This section of Reddit The Awesome Guide to Reddit Wonder how your friends always find cool stuff on the Internet before you? They're probably using Reddit, the self-proclaimed "front page of the Internet". Read More is therefore full of interesting facts and intriguing stories which deserve to be more widely known than they are currently. A countless number of amazing facts have been shared to the Today I Learned subreddit over the years, but below are just 10 that have blown my mind and may blow your mind as well. All chosen to appeal especially to geeks 10 Famous Geeks Who Changed The World (Not Who You Think) If I have seen further it is by standing on ye shoulders of Giants. So, said the genius called Isaac Newton. What was true of one of the most brilliant minds of history should be... Read More .

Contract Killer

Today I Learned a guy faked his own death in order to get out of a Verizon Wireless contract. Unfortunately, the ruse failed, and Verizon got its money. But surely, as a corporation which care about its customers, if someone hates your service so much they’re desperate enough to draft a fake death certificate, you should take pity on them and cancel their contract. Nope. Because profits.

Running Out Of Steam

Today I Learned 37 percent of all registered Steam games have never been played. Which, at the time the original article was written, equates to 288 million of the 781 million games registered on the platform sitting untouched and unloved. Remember this statistic the next time you’re tempted to buy all the games during the Steam sales 5 Ways To Make Sure You Get The Best Deals On Steam Games Steam is known for being super convenient for managing one’s video game library, and it’s also useful in a few other ways, but did you know that with a bit of effort you can obtain... Read More . You won’t play them all, so why bother?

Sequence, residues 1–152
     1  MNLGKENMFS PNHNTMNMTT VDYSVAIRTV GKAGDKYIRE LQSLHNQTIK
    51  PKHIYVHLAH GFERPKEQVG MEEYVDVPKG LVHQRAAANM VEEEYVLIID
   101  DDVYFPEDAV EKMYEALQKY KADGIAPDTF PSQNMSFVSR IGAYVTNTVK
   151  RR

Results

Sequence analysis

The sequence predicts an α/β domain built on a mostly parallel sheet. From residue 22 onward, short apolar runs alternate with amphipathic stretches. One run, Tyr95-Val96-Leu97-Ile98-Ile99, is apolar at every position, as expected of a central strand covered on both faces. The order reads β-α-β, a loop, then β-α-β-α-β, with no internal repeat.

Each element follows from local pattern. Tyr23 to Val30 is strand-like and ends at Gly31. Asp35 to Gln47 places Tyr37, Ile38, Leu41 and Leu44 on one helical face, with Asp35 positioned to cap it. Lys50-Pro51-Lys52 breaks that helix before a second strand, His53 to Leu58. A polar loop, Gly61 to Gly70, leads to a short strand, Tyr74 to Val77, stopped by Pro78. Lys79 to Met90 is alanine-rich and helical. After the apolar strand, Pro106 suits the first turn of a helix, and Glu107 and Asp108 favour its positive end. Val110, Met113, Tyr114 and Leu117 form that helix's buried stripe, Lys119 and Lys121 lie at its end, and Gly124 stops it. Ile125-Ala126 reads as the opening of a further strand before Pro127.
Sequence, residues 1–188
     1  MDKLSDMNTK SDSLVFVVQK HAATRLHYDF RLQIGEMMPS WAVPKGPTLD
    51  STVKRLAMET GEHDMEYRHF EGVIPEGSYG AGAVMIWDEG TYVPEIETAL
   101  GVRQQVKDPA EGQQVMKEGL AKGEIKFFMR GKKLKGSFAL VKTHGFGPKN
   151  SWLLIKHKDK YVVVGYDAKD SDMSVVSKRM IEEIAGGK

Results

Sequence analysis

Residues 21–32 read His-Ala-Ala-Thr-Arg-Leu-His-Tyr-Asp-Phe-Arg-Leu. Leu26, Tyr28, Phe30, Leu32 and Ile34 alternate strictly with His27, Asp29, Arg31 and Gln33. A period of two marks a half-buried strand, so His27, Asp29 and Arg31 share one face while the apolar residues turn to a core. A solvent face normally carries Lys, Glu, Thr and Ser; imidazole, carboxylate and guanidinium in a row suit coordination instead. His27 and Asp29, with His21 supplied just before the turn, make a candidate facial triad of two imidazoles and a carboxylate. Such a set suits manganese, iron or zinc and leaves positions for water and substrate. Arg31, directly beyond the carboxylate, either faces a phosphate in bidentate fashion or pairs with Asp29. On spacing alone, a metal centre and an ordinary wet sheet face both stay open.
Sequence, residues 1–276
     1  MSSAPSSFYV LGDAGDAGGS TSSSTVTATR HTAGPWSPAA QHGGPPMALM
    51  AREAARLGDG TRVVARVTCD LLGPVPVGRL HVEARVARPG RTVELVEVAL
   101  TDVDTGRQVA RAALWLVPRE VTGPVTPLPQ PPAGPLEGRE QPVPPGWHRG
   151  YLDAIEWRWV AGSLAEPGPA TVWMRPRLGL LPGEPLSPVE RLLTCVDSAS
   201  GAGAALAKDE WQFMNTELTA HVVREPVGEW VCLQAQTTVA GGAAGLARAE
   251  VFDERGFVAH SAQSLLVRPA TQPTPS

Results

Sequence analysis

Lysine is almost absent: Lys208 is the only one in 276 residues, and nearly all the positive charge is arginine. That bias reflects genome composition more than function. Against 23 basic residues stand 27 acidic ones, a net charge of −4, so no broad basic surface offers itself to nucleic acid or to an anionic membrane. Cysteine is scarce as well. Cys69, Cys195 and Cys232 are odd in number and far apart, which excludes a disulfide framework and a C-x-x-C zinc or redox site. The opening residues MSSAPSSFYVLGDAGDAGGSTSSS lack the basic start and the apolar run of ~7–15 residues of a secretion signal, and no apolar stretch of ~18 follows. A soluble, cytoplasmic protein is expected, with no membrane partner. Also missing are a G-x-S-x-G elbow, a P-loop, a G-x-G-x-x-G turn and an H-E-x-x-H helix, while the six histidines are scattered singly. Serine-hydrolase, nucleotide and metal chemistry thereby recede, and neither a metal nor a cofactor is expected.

Gaming The Cure

Today I Learned players of an online game called Foldit resolved the structure of an enzyme in just three weeks. The enzyme causes a nasty disease in monkeys, and researchers had been working on the problem for 13 years. There are other similar success stories in the original article too, so feel free to point naysayers in its direction the next time they condemn gaming as a waste of time and energy.

Neverending Nintendo